'They risked everything' / Underground overhaul / Picard's Chicago link

‘They risked everything.’ As he closed the first day of opening arguments in the impeachment trial of Donald Trump, Rep. Adam Schiff implored senator-jurors to consider the government workers who put their careers on the line to hold the president accountable: “I know what you’re asked to decide may risk yours, too. But if they could show the courage, so could we.”
A Republican senator’s take: “I didn’t hear anything new.”
The Democrats’ challenge: Keeping the attention of fidgety senators who are flouting the trial’s rules of behavior.
CNN analyst Stephen Collinson: Republicans are in a race “to end this impeachment trial before … Trump confesses to anything else.”
The president’s counsel in the trial, Pat Cipollone, is a University of Chicago graduate …
 … whose legal arguments came under fire from a fellow ex-Chicagoan, Stephen Colbert.

Toronto Star columnist Vinay Menon: Was Supreme Court Chief Justice John Roberts’ use of the word pettifogginghis brilliant way of taking sides”? (Cartoon: Keith J. Taylor.)

‘With me, there’s no lying.’ And yet, in Switzerland yesterday, President Trump made at least 14 false claims.
Trump Treasury Secretary Steven Mnuchin, also in Switzerland, schmuckily dismissed teen climate activist and Time Person of the Year Greta Thunberg: “After she goes and studies economics in college she can come back and explain that to us.”
Author Mark Caro says the impeachment trial doesn’t render his novelization of Robert Mueller’s Report on the Investigation Into Russian Interference in the 2016 Presidential Election outdated: “It’s like all those crazy things that happened in season two of Breaking Bad. The Mueller report is season one. You have to go back and watch from the beginning.”

‘I just don’t have the time.’ The new president of the Illinois Senate, Don Harmon, says he’s “stepping away” from his private law practice …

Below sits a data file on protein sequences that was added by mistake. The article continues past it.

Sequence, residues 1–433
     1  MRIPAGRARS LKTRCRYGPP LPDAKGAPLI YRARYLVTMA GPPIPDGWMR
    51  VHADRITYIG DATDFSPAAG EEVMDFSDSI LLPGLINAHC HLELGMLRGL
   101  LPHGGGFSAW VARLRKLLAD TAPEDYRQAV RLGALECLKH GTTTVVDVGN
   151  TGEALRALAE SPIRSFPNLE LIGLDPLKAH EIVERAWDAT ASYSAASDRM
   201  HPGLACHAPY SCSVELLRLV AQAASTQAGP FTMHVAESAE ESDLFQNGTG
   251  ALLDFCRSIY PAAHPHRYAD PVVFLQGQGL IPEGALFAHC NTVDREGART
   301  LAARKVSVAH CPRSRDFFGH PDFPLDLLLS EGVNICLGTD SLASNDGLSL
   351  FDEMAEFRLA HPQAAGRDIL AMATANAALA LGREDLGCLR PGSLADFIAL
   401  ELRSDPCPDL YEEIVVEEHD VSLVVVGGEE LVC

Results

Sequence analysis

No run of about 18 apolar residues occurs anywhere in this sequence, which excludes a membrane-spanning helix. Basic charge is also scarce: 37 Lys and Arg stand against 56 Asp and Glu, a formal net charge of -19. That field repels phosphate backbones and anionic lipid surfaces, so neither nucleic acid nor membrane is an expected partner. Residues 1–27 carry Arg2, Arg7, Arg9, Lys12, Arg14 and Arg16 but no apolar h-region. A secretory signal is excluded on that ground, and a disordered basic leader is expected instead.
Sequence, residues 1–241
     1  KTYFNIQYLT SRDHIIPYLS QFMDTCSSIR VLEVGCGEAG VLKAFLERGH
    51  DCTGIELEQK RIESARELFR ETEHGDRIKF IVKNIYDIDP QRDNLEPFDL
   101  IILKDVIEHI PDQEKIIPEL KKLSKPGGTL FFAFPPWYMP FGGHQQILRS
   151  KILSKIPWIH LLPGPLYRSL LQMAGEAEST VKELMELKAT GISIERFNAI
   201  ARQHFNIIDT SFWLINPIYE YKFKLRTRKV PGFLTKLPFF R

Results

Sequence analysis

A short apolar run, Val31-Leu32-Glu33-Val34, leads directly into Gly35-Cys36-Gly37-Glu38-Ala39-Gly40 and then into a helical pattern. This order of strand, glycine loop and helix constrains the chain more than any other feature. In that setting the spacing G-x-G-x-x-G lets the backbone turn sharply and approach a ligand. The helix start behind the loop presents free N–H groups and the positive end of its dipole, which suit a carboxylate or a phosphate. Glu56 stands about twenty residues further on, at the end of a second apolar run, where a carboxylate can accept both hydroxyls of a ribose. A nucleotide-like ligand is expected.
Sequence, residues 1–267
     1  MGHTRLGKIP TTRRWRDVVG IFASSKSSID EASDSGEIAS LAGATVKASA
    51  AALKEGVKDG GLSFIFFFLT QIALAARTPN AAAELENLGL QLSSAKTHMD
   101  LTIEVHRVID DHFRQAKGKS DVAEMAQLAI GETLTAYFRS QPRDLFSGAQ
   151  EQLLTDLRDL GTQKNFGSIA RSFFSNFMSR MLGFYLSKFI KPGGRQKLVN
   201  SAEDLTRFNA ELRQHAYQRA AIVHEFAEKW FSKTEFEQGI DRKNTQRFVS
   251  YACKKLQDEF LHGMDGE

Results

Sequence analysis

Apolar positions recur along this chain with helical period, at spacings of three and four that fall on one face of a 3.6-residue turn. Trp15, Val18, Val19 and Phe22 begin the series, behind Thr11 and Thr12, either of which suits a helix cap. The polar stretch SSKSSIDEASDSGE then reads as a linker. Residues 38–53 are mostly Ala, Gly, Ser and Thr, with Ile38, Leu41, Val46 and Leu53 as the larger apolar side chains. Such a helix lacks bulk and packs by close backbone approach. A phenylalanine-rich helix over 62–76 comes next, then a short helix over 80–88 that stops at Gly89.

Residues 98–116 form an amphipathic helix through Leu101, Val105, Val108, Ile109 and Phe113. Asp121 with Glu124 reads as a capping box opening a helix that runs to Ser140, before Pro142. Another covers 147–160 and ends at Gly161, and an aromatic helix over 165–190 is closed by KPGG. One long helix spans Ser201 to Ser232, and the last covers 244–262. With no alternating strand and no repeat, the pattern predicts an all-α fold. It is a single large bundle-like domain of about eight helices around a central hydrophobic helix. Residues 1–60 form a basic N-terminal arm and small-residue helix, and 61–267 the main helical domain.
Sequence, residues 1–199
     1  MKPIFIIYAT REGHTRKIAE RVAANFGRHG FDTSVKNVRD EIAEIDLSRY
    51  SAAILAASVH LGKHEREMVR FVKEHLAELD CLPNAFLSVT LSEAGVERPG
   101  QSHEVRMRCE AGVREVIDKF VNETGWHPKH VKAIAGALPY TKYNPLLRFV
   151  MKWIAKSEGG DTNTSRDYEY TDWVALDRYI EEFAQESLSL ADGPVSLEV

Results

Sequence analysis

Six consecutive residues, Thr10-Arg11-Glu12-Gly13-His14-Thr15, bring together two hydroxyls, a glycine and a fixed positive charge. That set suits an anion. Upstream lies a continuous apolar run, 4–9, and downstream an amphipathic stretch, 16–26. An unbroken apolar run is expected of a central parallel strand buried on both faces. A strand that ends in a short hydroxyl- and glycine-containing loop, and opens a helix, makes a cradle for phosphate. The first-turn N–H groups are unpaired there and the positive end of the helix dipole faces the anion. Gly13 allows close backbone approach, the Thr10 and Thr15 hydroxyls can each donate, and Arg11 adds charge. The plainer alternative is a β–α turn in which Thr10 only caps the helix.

… which the Sun-Times reported in 2017 had netted him millions “for doing legal work for state agencies, government workers’ pension funds and local governments whose citizens he represents in the Senate.”
An editorial in Harmon’s hometown paper, Oak Park’s Wednesday Journal*: “Now that he has this power, there is no room for allowances, for excuses, for favors or second chances. Root out corruption.”
Cook County Board President Toni Preckwinkle is giving the heave-ho to the volunteer chair of the county’s Board of Ethics—who happens to have been a donor to Preckwinkle’s rival in Chicago’s last mayoral election, Lori Lightfoot.

Underground overhaul. Chicago’s beloved but bewildering Pedway network of subterranean walkways is in for a multimillion-dollar upgrade.
After the resignation of Oakbrook Terrace’s mayor in an unfolding red-light camera scandal, the mayor village president of neighboring Oak Brook says he wants to yank his village’s Oakbrook Terrace to yank its cameras.

‘I sit in bed thinking about my kid in a jail cell.’ A Chicago architect talks to the Sun-Times about his son, a Northwestern University-educated journalist imprisoned in Indonesia while reporting on environmental issues.
The Guardian documents “special favors” for the National Rifle Association at Trump’s Interior Department.

Picard’s Chicago link. Tribune critic Michael Phillips reviews today’s debut on streaming CBS All Access of a new Star Trek series—the first three episodes of which were directed by a Lake Forest College alum.
TV critic and Chicago Public Square progenitor Aaron Barnhart: “Patrick Stewart shows why he’s in charge again” …
 … but Entertainment Weekly calls the premiere “bafflingly bad.”
Illinoisan and Monty Python confidant Kim “Howard” Johnson remembers the late Python Terry Jones: “He couldn’t pass a homeless person on the street without putting money in their hands.”

‘This is not your typical winter event.’ A meteorologist says Chicago’s snowfall over the next few days merits a weather eye.
Curbed Chicago: Tips for winter bicycling.




* For which your Square publisher has hosted a series of on-stage interviews and podcasts.